Not getting enough sleep can affect your quality of life. It can lead to serious problems including injury, accidents, anxiety, and depression. Talk with your doctor if you think that you have insomnia.

Exams and Tests

Insomnia is not a disease, and no specific test can diagnose it. But it can make you feel bad, and it can affect your health. It can also be a sign of other problems. Your doctor may want to do blood tests to rule out certain medical conditions such as thyroid problems. "Normal sleep" differs for each person. Checking your health and sleep history is an important first step to finding a cause for poor-quality sleep. Talk with your doctor about your medical history and any medical problems you have or any medicines you are taking.

Sleep history

Your doctor can learn a lot about your insomnia and its causes by reviewing your sleep history. He or she can look at how long you sleep each night, how well you sleep, and what unusual behaviors you may have while sleeping, like snoring or gasping. Since you may be unaware of all your sleep problems while you sleep, your doctor may ask your bed partner questions about your sleeping behavior to better understand your sleep problems. He or she may also ask you to keep a sleep journalsleep journal(What is a PDF document?) for 1 or 2 weeks to monitor your sleep patterns and habits. Your sleep journal can help your doctor spot certain habits that may affect your sleep, or even see signs of a hidden health problem that may need to be checked out.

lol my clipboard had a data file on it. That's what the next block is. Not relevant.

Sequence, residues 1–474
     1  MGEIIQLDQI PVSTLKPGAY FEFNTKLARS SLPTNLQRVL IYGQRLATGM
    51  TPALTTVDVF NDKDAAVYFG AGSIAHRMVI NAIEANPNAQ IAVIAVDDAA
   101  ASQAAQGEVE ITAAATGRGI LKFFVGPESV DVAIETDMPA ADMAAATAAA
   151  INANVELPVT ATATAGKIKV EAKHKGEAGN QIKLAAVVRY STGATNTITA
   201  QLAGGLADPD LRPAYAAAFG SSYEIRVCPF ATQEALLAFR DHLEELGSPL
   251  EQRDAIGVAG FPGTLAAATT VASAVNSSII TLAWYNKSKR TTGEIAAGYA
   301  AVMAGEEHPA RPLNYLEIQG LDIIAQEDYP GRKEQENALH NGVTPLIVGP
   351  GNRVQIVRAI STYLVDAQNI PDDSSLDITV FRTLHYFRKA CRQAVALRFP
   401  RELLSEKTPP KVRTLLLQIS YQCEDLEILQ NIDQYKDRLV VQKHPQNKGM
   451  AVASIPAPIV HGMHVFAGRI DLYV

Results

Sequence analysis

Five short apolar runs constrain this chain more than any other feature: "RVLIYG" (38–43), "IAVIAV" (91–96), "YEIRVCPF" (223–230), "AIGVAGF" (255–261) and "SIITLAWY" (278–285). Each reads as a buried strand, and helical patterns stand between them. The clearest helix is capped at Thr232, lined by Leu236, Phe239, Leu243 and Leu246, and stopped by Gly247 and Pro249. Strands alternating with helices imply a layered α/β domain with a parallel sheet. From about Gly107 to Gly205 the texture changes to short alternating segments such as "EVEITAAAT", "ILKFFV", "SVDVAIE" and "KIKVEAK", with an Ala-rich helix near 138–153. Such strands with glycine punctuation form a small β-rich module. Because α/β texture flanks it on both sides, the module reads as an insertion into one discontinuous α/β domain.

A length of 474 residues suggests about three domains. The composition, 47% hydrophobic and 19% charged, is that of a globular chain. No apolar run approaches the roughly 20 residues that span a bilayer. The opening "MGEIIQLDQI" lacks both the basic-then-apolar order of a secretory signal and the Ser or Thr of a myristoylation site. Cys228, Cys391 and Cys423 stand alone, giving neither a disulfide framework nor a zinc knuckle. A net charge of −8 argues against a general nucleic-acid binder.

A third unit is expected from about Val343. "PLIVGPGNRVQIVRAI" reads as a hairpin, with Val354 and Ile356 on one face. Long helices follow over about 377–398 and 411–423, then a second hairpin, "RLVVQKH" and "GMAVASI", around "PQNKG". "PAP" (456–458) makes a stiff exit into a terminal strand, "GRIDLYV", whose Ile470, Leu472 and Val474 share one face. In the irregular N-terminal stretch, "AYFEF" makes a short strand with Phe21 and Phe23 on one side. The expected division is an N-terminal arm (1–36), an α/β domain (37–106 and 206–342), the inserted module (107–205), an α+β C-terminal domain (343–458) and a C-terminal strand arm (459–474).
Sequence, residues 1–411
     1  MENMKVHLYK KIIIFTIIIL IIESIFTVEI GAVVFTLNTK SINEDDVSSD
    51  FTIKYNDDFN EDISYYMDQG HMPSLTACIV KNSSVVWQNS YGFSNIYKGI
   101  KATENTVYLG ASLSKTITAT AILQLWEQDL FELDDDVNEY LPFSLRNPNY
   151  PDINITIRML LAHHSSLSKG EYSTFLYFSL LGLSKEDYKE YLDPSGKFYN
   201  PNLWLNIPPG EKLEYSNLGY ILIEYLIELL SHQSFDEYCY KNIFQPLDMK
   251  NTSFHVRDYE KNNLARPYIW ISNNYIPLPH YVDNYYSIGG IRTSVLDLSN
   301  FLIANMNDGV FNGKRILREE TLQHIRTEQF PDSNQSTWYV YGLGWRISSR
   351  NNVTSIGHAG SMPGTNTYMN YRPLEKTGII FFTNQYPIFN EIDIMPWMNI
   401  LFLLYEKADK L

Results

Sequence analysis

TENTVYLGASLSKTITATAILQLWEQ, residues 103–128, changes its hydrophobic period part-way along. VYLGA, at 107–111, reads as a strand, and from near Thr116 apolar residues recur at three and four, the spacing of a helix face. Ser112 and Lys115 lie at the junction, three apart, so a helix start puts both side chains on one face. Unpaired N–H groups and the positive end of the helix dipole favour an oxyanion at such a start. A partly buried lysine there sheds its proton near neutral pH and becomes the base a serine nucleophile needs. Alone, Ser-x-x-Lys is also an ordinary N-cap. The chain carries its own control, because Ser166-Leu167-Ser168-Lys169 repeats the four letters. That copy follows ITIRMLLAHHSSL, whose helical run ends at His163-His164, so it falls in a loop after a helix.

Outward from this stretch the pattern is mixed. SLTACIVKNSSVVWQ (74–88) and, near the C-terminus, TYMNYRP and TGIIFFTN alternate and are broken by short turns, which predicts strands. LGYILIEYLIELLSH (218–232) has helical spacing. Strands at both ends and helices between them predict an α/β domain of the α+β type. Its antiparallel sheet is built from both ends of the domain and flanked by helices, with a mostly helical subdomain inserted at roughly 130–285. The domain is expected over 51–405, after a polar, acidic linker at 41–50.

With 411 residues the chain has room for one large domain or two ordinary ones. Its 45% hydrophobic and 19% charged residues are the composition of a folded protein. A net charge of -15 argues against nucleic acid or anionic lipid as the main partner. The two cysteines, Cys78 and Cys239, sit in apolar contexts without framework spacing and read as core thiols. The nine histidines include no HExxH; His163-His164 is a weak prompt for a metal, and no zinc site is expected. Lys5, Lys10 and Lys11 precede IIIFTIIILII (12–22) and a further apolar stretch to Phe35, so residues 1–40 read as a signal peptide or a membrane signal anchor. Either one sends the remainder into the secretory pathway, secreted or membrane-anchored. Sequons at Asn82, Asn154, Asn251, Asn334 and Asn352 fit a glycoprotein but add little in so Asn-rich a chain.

If your symptoms point to mental health concerns, such as depression or anxiety, you may be referred to a mental health professional.

Sleep studies

If your doctor thinks that you have a sleep disorder, he or she may refer you for a sleep study. When you have a sleep study, you stay overnight in a special sleep lab.

Your doctor may recommend a sleep study if your insomnia seems to be caused by breathing problems (such as sleep apnea) or periodic limb movement disorder, or if you have tried other treatments that haven't worked.